Sophie Germain was born in Paris on April 1, 1776. She was the second of three daughters of a Parisian silk merchant, Ambroise-François Germain.
From an early age, she showed her passion for knowledge and read the works of Newton and Euler. But her family, like many others at that time, considered that being an intellectual was not appropriately for girls.
Despite that as a woman she was not allowed from attending to the École Polytechnique, she was able to get the lecture notes for several of the courses.
Sophie was particularly interested in Mathematics. Using the pseudonym of Monsieur LeBlanc, submitted a paper to J. L. Lagrange. He was quite impressed with the essay and wanted to meet the author. After the initial surprise about the true identity of Monsieur LeBlanc, Lagrange eventually became Sophie’s mentor and a moral support for her work.
She was fascinated with the number theory and corresponded with Carl Friedrich Gauss. He guided her research and in 1816, she became the first woman to win a prize from the Paris Academy of Sciences with her paper: ‘Memoir on the Vibrations of Elastic Plates’.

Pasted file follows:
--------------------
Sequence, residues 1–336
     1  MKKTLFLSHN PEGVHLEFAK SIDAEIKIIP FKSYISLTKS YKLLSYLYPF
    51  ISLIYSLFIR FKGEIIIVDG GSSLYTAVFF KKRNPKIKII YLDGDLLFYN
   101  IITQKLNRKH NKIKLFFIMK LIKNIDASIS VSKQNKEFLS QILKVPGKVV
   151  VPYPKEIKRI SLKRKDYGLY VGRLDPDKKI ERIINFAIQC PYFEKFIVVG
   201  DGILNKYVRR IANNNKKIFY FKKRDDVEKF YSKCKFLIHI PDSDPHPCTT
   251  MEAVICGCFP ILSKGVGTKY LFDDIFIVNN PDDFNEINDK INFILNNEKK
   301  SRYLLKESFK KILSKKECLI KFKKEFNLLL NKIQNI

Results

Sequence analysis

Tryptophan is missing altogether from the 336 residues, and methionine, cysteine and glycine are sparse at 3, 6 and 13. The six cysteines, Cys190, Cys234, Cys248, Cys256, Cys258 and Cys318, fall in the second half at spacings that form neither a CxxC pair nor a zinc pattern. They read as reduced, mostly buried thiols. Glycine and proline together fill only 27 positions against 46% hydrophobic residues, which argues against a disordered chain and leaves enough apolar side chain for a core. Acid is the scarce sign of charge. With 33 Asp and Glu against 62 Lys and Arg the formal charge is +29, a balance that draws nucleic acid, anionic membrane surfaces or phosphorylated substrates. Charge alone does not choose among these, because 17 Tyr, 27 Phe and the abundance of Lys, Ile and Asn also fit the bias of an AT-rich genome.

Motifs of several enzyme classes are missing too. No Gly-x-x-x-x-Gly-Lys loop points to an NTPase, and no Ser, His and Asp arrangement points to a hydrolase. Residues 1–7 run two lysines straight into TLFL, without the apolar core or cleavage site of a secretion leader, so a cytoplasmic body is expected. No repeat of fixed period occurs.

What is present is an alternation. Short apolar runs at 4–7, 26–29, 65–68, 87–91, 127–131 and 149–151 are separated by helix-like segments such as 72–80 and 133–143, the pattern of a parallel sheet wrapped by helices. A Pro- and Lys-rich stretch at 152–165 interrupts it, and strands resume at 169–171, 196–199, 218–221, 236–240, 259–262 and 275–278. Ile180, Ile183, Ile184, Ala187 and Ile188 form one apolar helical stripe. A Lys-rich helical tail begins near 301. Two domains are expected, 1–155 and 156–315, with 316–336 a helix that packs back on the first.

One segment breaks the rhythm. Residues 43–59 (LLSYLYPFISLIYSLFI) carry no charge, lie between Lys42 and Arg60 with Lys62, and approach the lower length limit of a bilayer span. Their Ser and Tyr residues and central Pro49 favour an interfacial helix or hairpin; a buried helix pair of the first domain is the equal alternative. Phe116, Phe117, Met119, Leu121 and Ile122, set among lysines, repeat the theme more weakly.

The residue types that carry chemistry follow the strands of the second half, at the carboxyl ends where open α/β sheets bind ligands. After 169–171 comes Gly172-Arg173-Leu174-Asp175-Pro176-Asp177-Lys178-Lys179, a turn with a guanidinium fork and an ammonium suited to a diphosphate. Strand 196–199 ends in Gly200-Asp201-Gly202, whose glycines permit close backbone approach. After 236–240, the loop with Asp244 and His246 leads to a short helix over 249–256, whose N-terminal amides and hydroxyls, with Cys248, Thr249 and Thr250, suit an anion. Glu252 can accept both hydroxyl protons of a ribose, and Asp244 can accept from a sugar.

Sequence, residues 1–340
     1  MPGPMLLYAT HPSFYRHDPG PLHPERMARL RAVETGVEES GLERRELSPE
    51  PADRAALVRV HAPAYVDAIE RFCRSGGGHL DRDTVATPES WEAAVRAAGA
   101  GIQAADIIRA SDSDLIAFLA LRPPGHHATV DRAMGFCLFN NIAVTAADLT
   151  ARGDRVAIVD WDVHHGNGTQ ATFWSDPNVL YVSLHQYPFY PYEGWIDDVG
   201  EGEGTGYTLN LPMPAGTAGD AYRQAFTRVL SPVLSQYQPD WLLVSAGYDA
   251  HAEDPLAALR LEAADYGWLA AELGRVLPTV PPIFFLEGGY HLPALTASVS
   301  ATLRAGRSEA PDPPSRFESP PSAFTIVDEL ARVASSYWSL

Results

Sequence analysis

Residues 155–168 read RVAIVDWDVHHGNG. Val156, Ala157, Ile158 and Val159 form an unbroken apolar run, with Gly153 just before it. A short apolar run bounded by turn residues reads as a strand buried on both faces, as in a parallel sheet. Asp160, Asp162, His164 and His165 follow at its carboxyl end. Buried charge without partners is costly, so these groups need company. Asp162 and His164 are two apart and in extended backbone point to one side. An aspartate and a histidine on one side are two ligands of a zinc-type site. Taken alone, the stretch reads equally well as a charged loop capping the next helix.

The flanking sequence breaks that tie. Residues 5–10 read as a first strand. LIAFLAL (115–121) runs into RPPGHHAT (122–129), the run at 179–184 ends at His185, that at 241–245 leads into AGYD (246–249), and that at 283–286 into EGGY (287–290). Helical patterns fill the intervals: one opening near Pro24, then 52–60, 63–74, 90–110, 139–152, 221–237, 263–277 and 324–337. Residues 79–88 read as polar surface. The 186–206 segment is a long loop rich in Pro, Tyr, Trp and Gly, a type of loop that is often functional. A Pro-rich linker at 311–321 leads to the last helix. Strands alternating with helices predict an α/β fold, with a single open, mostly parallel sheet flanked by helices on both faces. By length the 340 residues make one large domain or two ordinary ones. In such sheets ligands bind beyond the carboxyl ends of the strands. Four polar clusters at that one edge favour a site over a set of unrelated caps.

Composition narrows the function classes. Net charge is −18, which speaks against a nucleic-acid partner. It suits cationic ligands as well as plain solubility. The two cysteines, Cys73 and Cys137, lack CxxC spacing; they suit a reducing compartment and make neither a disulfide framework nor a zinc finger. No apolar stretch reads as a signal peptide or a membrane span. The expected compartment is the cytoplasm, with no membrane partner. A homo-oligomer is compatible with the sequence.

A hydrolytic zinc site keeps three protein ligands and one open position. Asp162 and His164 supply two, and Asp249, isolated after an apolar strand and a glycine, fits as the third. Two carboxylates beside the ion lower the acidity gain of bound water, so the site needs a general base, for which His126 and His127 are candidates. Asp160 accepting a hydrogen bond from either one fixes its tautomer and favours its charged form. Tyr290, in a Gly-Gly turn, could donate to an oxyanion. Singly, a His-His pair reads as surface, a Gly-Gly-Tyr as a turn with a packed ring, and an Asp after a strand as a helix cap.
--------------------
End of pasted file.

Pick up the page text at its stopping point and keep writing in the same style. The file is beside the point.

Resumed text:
She continued to work in mathematics and philosophy until her death.
On June 27, 1831, at the age of 55, Sophie Germain died after a battle against breast cancer.
Six years after her death, received an honorary degree from the University of Göttingen.
Gray, Mary W. “Sophie Germain.” Complexities: Women in Mathematics. Ed. Bettye Anne Case and Anne M. Leggett. United Kingdom: Princeton University Press, 2005. 68-75.